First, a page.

20 Most Recent 1999 Volvo S70 - Page 2 Questions & Answers

  • Possible DTC in ABS module."
  • Refer to you tube !

    1999 Volvo S70 | Answered on Nov 11, 2016

    the fuel filter is it a inline type filter if so check the arrow on the filter make sure the fuel is flowing in the right direction because some of these filters have a non return valve in them.a garage made this mistake with my brothers car, hope this helps its worth checking. it sounds like a restriction of fuel

    1999 Volvo S70 | Answered on Oct 07, 2016

    There isn't one.

    1999 Volvo S70 | Answered on Apr 22, 2016

    Could be fuel line leak or evaporative.#455.

    1999 Volvo S70 | Answered on Apr 05, 2016

    Check seatbelt wire connections and if it has one, the comfort control module, crash sensors and crash module.

    I’m happy to assist further over the phone at https://www.6ya.com/expert/howard_977676954994c5b2

    1999 Volvo S70 | Answered on Jan 24, 2016

    I had a similar problem after having my oil changed at jiffy lube. The problem was that they hadn't fully tightened the oil filter, so it was leaking oil when the engine was running. They did it to me on two cars. I don't go there anymore.

    If you don't see smoke, you're not burning it. If you don't see it under where you park your car, it's not leaking when the car is parked.

    1999 Volvo S70 | Answered on Dec 11, 2015

    done one not so long ago and i had to remove the front bumper and the safety thing behinf the bumper then pump the ac gas out to remove the ac rad then it was easy

    1999 Volvo S70 | Answered on Nov 22, 2015

    Go snug plus 1/8th of a turn. That is how I was taught and have done for 35 years without issue.

    1999 Volvo S70 | Answered on May 01, 2015

    Best done on a lift by a shop. You need a tool to hang the engine from while it is still in the car. The the subframe needs to be removed which involves disconnecting the steering wheel, steering rack, a frames engine mounts and crossmember. Not for the novice.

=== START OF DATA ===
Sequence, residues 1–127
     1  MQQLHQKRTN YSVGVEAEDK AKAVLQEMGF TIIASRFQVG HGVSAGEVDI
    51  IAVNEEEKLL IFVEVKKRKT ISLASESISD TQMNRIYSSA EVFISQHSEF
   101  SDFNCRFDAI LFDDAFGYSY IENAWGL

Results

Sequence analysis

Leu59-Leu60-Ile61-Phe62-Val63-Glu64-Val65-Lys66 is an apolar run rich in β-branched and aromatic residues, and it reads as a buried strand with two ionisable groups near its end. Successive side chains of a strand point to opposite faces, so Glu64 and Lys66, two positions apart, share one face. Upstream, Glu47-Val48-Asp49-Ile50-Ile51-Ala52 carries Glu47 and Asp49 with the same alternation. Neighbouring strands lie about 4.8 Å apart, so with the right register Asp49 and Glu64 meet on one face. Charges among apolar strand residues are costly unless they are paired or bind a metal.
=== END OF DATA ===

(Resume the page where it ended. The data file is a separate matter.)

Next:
1999 Volvo S70 | Answered on Apr 16, 2015

    You need to check for power to the sensor with a volt meter. If you have power then you need to have a professional check it as you will need a lab scope or graphing multi meter to determine if you are getting a signal to the ECU

    1999 Volvo S70 | Answered on Apr 16, 2015

    Throttle position sensor is part of the throttle body assembly. It is not sold as a separate part. You need to replace the throttle assembly. Remove the intake tube, remove the 4 bolts and disconnect the electrical plug. It will need to be programmed by someone withe the Volvo Vida software.

    1999 Volvo S70 | Answered on Apr 16, 2015

    How to fix what? Need more information

    1999 Volvo S70 | Answered on Apr 16, 2015

    You cannot and I repeat cannot do this job without the line up tool for the camshafts. The reassembly of this engine is set for about 30 degrees off of tdc. There are no marks for the cams to line them up. You need the jig that holds the cams in place. I have 35 yrs working on Volvos as a professional tech. YOU CANNOT do this without the tool.

    1999 Volvo S70 | Answered on Apr 16, 2015

    Everyone always jumps to head gaskets. There are plenty of MINOR things that can be looked at first.
    The Volvo 2.3, 2.4, 2.5 Inline 5 Cylinder dipstick tube is known to develop a large amount of condensationin winter months and stop and go driving. What you see on your dip stick is possibly just condensation. Take off your oil cap and look under the cap and inside the valve cover. Is there any thick foamy oatmeal like substance or noticeable amounts of water? If your oil was saturated with coolant, you would be able to see it up there too. Check your coolant for oil. Volvo coolant is typically brown to orange, however make sure there is no sludge. Start the car with the cap off and keep an eye out for alot of bubbles. A large amount of bubbles is a sign of a bad head gasket. A couple here and there is just air in your cooling system.
    Coolant, Transmission fluid, and Oil have several places they can mix. If you have a turbocharged Volvo, the seals in the turbo can go bad and cause a mix of oil and coolant. Your transmission cooler is also in your radiator, and if it cracks your transmission fluid and coolant can mix. I believe turbo models have an oil cooler built into the radiator as well.
    Overall if your car sounds fine, you dont see oatmeal, your not using coolant and oil in excessive amounts, dont have white smoke, and your turbo isnt whining you probably just have condensation in your dip stick. If you are overly concerned you can send a sample of your oil to a lab and have it tested for traces of coolant. Headgaskets rarely fail on Volvo's, even the old ones....I have seen many that have gone to replace them have not found a failed gasket and end up finding a bad transmission cooler or a bad turbo.

    1999 Volvo S70 | Answered on Mar 19, 2015

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    cause car burn oil lots no smoking tho

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